The clinic attracted 24 high-level players, where Nate learned he ranks right up there among the best of the best. He placed second in an individual hitting competition.

“It was a fun competition,” he said. “It showed people have a potential they might not know they had. “It was so much fun to play that level of volleyball. The coaches even played with us because it was good enough that they could play.”

 

 

Posted Friday, Apr 3, 2015 

Mitchell verbally commits to Boston College

Wilbraham & Monson Academy’s Gianna Mitchell ’17 saw a big commitment from Boston College over the last few months, and in return, Gianna is now showing a commitment to the Eagles.

Gianna verbally committed Thursday to play women’s soccer at Boston College, a Division I power that plays in the mighty Atlantic Coast Conference.

“I talked to them yesterday on the phone and they said they’d like to have me,” said Gianna, who added she was tackled by her friend, Katie Cronin ’17, as soon as she got off the phone.

Gianna has been a star at center midfield since arriving at WMA two soccer seasons ago. She helped the Titans reach the final of the New England Class B tournament this season.

“Although only a sophomore, Gianna has been an impact player for us since she first walked onto our playing fields as a freshman,” Coach Don Nicholson ’79 said. “She has played a huge role in our overall success as a soccer program the last two years and she has been a tremendous member of our school community.

“More importantly, Gianna continues to be a standout at our school academically. We look forward to the next two years of Gianna playing soccer for the Titans and we also look forward to watching Gianna in the future as she moves on to play for the Division I Boston College Eagles.”

Remarkably, Gianna caught BC’s attention while she played with a torn anterior cruciate ligament (ACL), which she injured in the New England championship.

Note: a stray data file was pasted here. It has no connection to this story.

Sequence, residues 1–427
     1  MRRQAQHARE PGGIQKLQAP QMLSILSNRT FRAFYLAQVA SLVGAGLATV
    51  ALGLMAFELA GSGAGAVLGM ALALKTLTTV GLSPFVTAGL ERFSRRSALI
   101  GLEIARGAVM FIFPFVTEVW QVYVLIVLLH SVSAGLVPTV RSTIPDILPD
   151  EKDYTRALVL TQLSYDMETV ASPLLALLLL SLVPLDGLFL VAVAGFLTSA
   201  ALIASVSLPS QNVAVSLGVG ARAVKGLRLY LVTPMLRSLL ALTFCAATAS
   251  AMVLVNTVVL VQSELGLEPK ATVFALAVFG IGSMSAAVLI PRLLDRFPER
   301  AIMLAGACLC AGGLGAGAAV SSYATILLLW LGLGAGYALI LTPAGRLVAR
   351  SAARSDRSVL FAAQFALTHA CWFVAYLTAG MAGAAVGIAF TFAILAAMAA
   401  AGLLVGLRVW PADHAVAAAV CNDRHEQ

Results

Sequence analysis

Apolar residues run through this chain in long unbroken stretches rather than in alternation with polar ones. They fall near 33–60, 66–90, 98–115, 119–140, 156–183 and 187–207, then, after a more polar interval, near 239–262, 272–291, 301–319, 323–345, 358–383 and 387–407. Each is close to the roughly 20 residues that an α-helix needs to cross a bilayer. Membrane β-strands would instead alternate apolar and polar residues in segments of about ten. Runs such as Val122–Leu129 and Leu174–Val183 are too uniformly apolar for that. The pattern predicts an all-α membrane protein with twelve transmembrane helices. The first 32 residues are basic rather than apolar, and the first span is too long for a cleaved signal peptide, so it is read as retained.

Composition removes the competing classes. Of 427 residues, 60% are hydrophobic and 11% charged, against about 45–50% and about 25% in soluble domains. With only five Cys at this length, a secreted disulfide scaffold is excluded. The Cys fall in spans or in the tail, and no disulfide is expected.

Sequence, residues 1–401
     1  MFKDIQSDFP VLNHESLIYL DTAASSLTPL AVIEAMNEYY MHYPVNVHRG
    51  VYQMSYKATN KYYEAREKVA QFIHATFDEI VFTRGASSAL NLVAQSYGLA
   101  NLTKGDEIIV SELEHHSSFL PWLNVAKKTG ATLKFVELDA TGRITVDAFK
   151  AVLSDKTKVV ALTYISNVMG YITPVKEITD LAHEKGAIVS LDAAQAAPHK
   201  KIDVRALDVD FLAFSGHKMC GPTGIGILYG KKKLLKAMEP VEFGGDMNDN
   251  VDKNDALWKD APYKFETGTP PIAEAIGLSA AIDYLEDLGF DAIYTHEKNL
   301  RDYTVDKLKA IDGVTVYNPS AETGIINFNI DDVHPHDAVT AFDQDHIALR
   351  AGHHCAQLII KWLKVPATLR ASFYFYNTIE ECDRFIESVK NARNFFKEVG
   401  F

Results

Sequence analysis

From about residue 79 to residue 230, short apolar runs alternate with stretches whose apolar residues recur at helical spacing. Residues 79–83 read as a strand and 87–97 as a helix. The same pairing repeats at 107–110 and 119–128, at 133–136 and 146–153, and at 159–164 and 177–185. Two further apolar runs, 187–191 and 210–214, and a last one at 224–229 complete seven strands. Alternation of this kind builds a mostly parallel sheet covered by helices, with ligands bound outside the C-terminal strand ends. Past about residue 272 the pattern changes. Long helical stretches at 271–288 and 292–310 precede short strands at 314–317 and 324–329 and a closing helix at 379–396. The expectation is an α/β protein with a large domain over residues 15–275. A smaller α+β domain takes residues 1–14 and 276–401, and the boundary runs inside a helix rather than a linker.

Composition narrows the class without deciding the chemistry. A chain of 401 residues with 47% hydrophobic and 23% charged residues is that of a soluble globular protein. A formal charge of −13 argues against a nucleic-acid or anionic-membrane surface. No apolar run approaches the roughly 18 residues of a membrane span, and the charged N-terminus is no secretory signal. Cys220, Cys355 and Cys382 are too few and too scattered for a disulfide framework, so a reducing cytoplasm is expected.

“Boston College has been very supportive,” she said. “Even when I told them I tore it, they said they’d stand by me. They said I would benefit from the experience, and I already am. Even though it stinks I can’t play now, it will be good.”

Gianna thought BC was more than good when she went for her tour. She was impressed with the campus, coaching staff and team.

“The area was great, and it’s not too far away,” Gianna explained. “The coaches were super nice, and so was the team. Plus, the keeper from my club team has committed there and we’ll be playing together.”

Gianna, who hoped to sign with a college this spring, also drew interest from North Carolina, Stanford, Duke, Brown, Southern Methodist and Penn State.

Posted Friday, Apr 3, 2015 

Fabbo wins Boys' Swimming MVP; helps team set school record

Austin Fabbo’s conclusion to the Wilbraham & Monson Academy’s Boys’ Swimming season couldn’t have gone much better.

Four days after being named MVP, Austin, a member of the Class of 2015, helped a WMA relay team set a school record in the final meet of his four-year high school career.

At the New England Division III Championships, held March 7 at Canterbury School, Austin, who opened the relay with the backstroke, teamed with Bill Holloman ’15 (breaststroke), Wenjun (Happy) Chang ’18 (butterfly) and Tan Daloonpet ’15 (freestyle) to establish a new WMA mark in the 200-meter medley relay. The foursome finished in one minute, 45.64 seconds, topping the mark of 1:46.09 set in 2013.